In the distant past most people accepted their religion's explanation of how the universe began. As the world became more interested in science in the 18th and 19th centuries, however, religion alone couldn't always explain the new discoveries being made. In the 1920s the Big Bang theory was proposed as a possible scientific explanation for the creation of the universe.
It was first proposed by Alexander Friedman, a Russian mathematician in 1922 and expanded upon in 1927 by Georges-Henri Lemaitre. He was a Belgian physicist, who was also a Roman Catholic priest. Scientists such as Edwin Hubble have made detailed observations and measurements that support and develop this theory.
Put simply, around 14 billion years ago, all matter and energy in the universe was at a point of infinite density and temperature. It then expanded rapidly, and eventually stars, galaxies and planets formed. This expansion was the beginning of time and continues to this day. The Big Bang theory is supported by evidence that space is expanding, including the redshift of light from distant galaxies and the existence of cosmic background radiation in all directions.
It is thought the Earth was formed around 4.6 billion years ago from dust and gas left after the Sun formed.
As the Earth gradually cooled, creating conditions in which life was possible, living things appeared on the new planet Earth.
Not all scientists agree with the Big Bang theory, but many of their objections are to do with the details within the process, not the underlying principle that it happened. Similarly, there are different hypotheses about how life began on Earth. These can be tested, but scientists cannot be sure which are correct because it happened long ago.
According to Christian belief, God created the universe. There are two stories of how God created it which are found at the beginning of the book of Genesis in the Bible. Some Christians regard Genesis 1 and Genesis 2 as two totally separate myths that have a similar meaning. Others see the two chapters as part of one continuous story.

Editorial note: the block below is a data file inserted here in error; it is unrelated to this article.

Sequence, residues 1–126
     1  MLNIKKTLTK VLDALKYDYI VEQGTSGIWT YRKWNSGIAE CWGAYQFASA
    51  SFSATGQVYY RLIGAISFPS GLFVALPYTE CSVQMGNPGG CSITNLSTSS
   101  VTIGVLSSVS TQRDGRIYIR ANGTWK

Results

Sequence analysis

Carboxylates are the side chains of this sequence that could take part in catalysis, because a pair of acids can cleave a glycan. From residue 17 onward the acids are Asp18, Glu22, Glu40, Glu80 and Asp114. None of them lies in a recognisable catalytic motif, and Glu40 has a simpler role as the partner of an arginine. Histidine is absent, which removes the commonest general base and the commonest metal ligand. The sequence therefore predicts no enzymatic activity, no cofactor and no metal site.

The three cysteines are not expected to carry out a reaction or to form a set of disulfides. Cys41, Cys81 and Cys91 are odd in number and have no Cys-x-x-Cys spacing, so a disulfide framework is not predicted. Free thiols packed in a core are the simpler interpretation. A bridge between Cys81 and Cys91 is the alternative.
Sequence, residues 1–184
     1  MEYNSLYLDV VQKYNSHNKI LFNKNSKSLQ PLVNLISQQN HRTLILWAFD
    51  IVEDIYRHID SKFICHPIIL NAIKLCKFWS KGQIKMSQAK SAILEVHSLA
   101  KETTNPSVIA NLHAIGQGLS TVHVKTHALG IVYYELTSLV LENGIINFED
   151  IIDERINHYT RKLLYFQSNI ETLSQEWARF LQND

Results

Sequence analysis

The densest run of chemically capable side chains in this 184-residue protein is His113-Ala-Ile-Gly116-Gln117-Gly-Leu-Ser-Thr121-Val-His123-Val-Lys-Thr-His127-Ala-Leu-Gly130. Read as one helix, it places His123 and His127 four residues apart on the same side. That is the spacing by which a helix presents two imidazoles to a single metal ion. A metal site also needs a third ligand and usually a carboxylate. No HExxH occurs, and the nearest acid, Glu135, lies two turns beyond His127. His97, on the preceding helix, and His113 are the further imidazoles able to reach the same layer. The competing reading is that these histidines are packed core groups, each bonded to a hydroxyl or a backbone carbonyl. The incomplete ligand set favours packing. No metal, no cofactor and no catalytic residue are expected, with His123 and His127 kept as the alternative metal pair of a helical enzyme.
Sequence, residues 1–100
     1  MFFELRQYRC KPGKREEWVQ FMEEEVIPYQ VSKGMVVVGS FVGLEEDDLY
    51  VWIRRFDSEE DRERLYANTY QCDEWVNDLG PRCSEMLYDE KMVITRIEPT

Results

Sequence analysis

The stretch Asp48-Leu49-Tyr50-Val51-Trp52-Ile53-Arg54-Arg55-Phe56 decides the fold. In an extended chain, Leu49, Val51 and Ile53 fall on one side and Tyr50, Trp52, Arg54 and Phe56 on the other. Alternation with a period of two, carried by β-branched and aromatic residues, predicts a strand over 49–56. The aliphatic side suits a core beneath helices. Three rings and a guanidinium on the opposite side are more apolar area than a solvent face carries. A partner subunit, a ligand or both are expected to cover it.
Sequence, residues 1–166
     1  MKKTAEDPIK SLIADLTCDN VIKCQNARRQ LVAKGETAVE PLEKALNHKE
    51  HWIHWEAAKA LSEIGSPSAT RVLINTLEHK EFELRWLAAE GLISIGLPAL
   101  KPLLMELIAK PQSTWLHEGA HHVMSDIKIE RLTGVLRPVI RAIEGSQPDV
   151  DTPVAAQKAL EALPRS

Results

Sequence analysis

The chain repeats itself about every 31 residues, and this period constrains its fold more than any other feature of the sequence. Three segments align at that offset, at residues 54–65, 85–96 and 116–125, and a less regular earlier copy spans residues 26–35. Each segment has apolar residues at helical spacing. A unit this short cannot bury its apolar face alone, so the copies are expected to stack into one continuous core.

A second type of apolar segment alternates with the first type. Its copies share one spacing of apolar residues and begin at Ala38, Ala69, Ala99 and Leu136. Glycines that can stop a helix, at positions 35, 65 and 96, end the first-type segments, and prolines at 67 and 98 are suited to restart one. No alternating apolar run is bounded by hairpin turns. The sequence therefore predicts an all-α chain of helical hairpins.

Summary of Genesis 1:
In Genesis 2, some people think that the story goes on to give more detail about the creation of humans, seen as two individuals, Adam and Eve.
Adam was made from 'the dust of the ground' when God breathed life into him. Eve was created out of one of Adam's ribs to provide company and help for Adam. They lived in a special place called the Garden of Eden. Both of them were given the task and responsibility to look after the place that God had created for them.
Many Christians do not believe this story to be true in every detail. They believe that God was responsible for the beginning of the universe – that he set things in motion and oversaw the process. They can also learn lessons from the story about the importance of mankind and the responsibility mankind has over the rest of creation.
Most Christians would accept that the central message of both Genesis 1 and 2, whether seen as one or two stories, is:
Fundamentalist Christians believe that as the Bible comes directly from God, everything in it must be the exact truth. Anything that contradicts the Bible is wrong. Therefore, for fundamentalist Christians, the Big Bang theory is not correct.